How To Get Structure For ADHD Children
For people with ADHD, going on vacation can be a stressful and overwhelming event. Vacations involve planning, organizing, and attention to detail to say the least. These are skills that people with ADHD often struggle with because they often have difficulties dealing with activities involving high levels of executive functioning.
What are the skills needed to have a peaceful summertime?
Start planning ahead and with the end in mind (having a stress free, fun summer):
- Vacation: several months out you might plan on booking the airplane tickets, hotel, and rental car.
- Keep all correspondence in one place. Whether you prefer taking notes on paper or writing things down on your phone, it is important to keep things such as hotel reservations, tickets, and anything else related to your vacation in one place that you can reference.
- Several weeks out start making sure each family member finds their luggage and have each person make a list of what to bring.
- Several days before you may hold each family member accountable for packing and have him or her use the list they created for reference
- Planner: Write out all the things you need to do and a time line in which to accomplish these goals
- When you break down the planning into smaller tasks and give yourself a deadline for each task, the process becomes easier to manage and less stressful.
- Dry erase board: In order to help with organization, you could try writing out a giant to do list on the dry erase board and placing it in the kitchen for the family to see. Everyone in the family is aware of what should be done.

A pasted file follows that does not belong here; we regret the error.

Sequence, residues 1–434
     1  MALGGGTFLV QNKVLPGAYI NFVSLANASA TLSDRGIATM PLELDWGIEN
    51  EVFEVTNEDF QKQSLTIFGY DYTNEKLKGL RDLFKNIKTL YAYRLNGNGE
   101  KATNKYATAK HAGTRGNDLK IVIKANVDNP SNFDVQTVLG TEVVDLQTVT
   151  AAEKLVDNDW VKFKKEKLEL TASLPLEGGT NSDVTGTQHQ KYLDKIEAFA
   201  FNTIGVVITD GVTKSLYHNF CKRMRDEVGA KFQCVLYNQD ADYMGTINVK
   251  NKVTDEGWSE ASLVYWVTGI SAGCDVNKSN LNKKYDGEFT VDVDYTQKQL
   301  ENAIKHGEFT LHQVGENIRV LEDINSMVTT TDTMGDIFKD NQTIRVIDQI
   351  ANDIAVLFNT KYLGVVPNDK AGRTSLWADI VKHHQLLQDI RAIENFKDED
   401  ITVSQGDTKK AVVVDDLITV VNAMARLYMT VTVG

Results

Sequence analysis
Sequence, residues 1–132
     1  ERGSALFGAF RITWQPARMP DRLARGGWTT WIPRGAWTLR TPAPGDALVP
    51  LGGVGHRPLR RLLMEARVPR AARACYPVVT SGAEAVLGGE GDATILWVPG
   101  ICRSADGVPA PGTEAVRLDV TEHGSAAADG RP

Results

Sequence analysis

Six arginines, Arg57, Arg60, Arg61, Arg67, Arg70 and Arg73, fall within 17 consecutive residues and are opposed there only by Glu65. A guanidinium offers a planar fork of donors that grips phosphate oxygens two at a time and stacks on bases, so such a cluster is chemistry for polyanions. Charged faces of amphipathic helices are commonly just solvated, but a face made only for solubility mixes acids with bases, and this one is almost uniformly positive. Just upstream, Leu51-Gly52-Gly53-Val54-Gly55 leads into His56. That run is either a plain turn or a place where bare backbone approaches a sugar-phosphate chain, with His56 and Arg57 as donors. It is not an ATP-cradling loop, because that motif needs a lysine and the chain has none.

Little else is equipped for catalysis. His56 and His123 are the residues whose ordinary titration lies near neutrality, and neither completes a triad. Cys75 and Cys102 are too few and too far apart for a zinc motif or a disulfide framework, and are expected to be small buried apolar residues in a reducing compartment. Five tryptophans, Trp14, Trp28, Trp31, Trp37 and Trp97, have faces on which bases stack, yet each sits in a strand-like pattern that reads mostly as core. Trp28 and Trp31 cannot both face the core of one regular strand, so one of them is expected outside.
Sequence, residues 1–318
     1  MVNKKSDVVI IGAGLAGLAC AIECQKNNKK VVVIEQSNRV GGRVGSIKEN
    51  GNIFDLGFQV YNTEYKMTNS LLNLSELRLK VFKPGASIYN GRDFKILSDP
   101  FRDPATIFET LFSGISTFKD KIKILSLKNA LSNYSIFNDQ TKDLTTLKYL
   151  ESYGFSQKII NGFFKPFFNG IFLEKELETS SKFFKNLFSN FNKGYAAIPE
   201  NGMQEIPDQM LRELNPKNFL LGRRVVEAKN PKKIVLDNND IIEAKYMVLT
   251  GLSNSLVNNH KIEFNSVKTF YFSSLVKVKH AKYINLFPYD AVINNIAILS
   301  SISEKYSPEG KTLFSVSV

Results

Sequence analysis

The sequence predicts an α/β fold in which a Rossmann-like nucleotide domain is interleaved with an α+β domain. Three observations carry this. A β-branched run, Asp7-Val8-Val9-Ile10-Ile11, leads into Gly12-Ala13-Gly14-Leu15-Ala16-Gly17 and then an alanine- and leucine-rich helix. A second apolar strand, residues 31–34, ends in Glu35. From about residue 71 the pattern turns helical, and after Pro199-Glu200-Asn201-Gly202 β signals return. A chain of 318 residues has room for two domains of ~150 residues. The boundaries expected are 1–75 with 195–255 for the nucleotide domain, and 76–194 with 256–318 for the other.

One thing that school and work provide is daily structure. Without structure it’s easy to become distracted and forgetful, which can lead to stress and anxiety.
While this can be an exciting time to bond as a family, it can also be stressful if one or more family members have ADHD.
Creating routines, structure and summer schedule
A creative way to plan out the summer for children with ADD/ADHD and increase family bonding is to start with a summer schedule. This brings routine and structure to the family and also keeps everyone active.
- Create a weekly game nights and movie nights
- Plan themed family dinners (e.g., Taco Tuesdays)
- ADHD Summer Camps
There are also great summer camps for families with children who have ADHD.
ADHD Summer camps are a great way to provide daily structure, enhance social skills, and focus their attention on different physical activities.
In the end, summer is a time for fun in the sun! Planning ahead and staying organized can help to minimize stress. By using some of these simple strategies for ADDH/ADHD, you can adjust to the changing summer schedule in a positive and healthy way!
By: Alyssa Lee, MRC, CRC, LPC Intern
Supervised by: Dulce Torres, MA, LPC-S